By Theodore Shoebat
Prime Minister of Poland, Mateusz Morawiecki, delivered a speech commemorating the Polish Catholic, anti-Nazi resistance, who rescued Jews from the Nazi Holocaust. As we read in one report:
In his first speech as Poland’s prime minister, Mateusz Morawiecki said that non-Jewish Poles who saved their “Jewish brothers” during the Holocaust represent the “essence of what it means to be Polish.”
Morawiecki, a former banker who in September spoke about his Jewish roots – two of his aunts are Jewish — in a speech about rescuers of Jews in Warsaw, presented his inaugural address Tuesday to the parliament.
The remark about Jews was unusual because of the reference as brethren and the de facto head of state including the subject in an inaugural address.
Morawiecki, who was the finance minister before his promotion in a surprising reshuffle in the government of the right-wing ruling Law and Justice Party, spoke mostly about the economy and foreign relations.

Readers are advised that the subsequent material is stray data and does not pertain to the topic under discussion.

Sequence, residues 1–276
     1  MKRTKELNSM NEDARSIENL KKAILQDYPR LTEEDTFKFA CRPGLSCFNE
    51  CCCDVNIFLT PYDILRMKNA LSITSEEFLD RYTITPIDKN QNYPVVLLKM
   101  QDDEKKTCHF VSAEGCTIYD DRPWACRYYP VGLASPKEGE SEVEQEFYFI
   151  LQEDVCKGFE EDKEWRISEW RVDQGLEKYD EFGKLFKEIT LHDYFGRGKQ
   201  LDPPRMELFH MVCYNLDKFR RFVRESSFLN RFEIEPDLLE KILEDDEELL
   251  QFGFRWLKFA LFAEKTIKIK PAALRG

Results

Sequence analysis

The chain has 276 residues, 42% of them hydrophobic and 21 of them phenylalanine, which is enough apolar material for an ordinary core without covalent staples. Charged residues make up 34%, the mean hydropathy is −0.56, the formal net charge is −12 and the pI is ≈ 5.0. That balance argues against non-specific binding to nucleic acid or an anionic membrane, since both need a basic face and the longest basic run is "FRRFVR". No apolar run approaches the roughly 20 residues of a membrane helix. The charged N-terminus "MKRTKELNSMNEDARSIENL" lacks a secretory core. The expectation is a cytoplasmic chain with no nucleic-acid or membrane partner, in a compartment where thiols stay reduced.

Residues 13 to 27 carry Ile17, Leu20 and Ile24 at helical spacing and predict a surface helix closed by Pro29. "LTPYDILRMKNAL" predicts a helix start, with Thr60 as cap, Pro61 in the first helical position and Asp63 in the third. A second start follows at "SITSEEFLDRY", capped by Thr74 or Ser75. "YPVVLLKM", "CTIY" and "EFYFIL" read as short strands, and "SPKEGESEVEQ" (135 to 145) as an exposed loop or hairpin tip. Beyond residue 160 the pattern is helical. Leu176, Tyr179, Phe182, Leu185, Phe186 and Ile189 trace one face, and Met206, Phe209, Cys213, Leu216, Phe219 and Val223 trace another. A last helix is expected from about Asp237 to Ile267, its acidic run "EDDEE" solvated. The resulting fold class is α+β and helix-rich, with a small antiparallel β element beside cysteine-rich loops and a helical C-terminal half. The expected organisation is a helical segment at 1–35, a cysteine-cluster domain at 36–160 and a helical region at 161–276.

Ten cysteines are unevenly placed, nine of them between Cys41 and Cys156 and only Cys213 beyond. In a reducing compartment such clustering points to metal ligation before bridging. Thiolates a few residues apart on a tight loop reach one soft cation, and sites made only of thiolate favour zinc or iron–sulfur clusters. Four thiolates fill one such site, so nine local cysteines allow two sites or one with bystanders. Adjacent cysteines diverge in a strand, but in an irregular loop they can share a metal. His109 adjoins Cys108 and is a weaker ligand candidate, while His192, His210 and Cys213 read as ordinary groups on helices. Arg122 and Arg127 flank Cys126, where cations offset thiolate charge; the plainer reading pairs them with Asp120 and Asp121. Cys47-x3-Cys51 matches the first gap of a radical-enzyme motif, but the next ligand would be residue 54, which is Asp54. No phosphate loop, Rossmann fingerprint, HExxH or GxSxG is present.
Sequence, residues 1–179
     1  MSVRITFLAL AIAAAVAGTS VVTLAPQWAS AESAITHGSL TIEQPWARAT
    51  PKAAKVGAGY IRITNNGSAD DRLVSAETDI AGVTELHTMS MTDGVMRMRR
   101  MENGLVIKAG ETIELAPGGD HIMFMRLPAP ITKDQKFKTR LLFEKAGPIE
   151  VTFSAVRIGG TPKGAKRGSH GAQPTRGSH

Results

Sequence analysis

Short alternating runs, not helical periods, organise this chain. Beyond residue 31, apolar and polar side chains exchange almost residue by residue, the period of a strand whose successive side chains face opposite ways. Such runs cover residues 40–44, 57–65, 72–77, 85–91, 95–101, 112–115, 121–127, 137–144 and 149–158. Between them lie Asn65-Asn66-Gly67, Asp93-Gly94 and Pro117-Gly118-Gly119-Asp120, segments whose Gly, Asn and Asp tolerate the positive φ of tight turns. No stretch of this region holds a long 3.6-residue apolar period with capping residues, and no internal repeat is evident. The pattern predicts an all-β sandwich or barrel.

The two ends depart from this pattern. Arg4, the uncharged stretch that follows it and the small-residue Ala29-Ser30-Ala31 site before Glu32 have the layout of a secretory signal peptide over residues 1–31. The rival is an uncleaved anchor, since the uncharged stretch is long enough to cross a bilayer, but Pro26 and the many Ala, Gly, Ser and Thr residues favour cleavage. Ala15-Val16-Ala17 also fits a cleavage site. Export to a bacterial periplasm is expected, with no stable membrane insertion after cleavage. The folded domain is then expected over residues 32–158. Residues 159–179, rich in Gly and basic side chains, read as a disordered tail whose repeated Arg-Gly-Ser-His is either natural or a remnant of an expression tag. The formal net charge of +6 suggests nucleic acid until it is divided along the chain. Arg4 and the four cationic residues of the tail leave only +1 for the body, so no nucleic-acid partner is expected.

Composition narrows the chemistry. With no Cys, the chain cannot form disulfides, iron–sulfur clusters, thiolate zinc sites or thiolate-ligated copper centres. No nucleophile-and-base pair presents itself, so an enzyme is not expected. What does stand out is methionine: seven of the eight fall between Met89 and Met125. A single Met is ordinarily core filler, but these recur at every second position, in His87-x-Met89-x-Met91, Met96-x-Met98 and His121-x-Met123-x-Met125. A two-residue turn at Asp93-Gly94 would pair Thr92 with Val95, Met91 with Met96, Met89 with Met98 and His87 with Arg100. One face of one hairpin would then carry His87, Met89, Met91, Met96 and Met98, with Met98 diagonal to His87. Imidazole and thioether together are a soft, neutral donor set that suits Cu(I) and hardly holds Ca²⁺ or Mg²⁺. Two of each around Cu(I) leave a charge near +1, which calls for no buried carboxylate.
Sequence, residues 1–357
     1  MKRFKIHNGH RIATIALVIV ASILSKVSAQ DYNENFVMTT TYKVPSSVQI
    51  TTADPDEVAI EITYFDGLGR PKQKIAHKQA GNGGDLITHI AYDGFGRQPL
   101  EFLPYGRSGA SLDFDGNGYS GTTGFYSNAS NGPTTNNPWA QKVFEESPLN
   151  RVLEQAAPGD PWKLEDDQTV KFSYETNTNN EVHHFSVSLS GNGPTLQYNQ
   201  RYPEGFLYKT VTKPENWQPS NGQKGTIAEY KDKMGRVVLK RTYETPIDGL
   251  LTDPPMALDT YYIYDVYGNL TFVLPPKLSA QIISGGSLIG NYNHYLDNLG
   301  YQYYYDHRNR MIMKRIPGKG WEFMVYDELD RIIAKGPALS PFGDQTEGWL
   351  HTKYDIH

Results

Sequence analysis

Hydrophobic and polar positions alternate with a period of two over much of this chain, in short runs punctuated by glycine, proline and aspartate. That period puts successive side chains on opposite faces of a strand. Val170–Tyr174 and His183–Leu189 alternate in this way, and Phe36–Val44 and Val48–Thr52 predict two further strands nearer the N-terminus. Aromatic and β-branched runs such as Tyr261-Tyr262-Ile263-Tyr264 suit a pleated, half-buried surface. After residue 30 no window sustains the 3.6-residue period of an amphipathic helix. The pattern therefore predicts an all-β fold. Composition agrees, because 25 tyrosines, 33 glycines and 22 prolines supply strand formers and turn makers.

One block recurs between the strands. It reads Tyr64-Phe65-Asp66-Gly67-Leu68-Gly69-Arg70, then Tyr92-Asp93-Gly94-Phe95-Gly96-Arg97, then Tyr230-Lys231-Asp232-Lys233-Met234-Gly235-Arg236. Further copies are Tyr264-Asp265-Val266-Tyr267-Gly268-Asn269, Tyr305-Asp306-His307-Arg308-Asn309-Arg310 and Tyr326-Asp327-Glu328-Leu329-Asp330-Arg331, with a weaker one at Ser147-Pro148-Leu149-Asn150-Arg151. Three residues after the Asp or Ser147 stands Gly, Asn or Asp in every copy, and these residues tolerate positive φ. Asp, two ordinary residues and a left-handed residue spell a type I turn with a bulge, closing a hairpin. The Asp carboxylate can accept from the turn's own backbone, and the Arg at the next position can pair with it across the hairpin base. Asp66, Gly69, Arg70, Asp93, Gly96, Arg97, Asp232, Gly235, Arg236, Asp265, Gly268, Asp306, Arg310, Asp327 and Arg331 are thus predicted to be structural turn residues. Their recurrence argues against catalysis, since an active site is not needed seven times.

But in speaking about the national identity, he said: “The deep community dimension is inscribed in our tradition: Assistance to people in flight, Żegota saving our Jewish brothers and Solidarity. This is real proof of what Polishness is and what the community is.”
Żegota is the name of a Polish resistance group that helped Jews during the Holocaust. Solidarity was an anti-communist movement, in which Morawiecki’s father was active during Poland’s subjugation to the Soviet Union.
Morawiecki, 49, succeeds Beata Maria Szydło, also of the right-wing party, who has served in the post since 2015.
Morawiecki, who was not even a member of Law and Justice two years ago, joined the government as minister for economic development in 2015 before adding the post of finance minister last year.